Being friendly with the locals can backfire. Apparently in Merida, it’s unusual to see a random Asian guy in a restaurant speaking Spanish. So unusual that after talking to a local family in a restaurant, they offered me to stay in their house for the night. I already had a hostel, but I mentioned that I was on my way to visit a Mayan site outside the city, so they offered to go there with me. I agreed. Then, rather than take me there, they gave me a tour of the city, their house, and the mall. Then they introduced me to their daughter studying in Mexico City, and insisted we keep in touch on Facebook. In the end, I never got to the Mayan site, but it was quite an interesting experience.

Mexico Travel Logistics

In this section, all prices are assumed to be USD.

Around Cancun, the bus system is pretty good, with a two-hour air-conditioned bus ride costing about $7. There are also white vans called colectivos that pick up and drop off passengers along the highway; these are faster and cheaper, but less comfortable.

In Merida, the buses were more sketchy. I knew I was in Mexico’s backwaters when I accidentally took the second class bus from Chichen Itza to Merida, which stopped at every little Mayan village along the way, taking twice as long as usual. The bus to Uxmal ran once every 3 hours, and the schedule is nowhere to be found on the internet — you have to ask the locals.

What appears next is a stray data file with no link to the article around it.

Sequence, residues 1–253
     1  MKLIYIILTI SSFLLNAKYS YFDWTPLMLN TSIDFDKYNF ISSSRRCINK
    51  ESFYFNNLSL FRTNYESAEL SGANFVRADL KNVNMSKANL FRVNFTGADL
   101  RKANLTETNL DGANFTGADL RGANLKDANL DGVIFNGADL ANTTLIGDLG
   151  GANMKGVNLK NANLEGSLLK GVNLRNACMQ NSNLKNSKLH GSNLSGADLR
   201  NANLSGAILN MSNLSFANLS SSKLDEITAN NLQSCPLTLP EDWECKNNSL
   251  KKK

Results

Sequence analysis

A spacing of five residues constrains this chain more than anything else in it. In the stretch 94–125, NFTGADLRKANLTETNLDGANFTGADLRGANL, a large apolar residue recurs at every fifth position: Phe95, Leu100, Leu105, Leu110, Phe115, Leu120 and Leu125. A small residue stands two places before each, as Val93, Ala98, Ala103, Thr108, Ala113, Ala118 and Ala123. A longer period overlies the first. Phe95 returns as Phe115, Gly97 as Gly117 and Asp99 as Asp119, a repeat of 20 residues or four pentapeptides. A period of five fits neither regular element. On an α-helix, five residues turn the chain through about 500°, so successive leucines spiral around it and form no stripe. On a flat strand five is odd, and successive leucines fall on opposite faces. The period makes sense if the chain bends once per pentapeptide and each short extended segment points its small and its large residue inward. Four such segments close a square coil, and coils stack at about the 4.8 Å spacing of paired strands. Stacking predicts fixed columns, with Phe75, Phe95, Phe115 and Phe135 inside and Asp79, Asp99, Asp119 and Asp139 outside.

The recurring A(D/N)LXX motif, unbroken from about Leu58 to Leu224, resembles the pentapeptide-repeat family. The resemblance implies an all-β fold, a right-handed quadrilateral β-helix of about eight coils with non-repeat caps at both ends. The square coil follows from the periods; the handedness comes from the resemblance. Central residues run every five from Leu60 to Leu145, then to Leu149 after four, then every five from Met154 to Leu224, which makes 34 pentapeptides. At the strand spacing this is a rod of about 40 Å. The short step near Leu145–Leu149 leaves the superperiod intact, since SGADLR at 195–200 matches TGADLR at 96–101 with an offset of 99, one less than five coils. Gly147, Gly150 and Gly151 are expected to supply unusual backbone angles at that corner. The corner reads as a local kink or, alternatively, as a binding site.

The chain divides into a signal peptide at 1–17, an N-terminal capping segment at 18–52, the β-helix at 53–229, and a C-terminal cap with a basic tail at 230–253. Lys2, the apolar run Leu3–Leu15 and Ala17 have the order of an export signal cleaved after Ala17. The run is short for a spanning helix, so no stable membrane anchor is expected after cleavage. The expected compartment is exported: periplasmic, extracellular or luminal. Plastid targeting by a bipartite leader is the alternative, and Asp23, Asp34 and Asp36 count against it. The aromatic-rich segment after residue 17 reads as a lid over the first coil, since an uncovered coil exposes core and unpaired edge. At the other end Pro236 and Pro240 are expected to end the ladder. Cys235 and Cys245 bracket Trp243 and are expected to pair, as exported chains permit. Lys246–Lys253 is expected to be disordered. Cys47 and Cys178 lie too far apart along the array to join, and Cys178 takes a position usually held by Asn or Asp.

Driving would’ve been a faster option. I wasn’t comfortable driving alone in a foreign country, so I took the bus, but you can see a lot more if you rented a car instead.

For accommodation, I slept in hostels, which cost about $20 a night for a private room and $10 for a bunk bed with many people in one room. I did a mixture of the two, but it’s easier to sleep in a private room, so for me, it’s worth the extra cost.

Most things in Mexico cost about half or one-third as much as the equivalent in the US: for example, I can get a decent meal for $5-10. On the other hand, I lost about 10% converting money into pesos through ATM and bank fees.

I got a SIM card at a bus station, which cost $20 for 1.5gb of data. Some people say that going offline gives a more authentic travel experience, but it’s useful to be able to look up information, rather than ask people where the nearest bank is.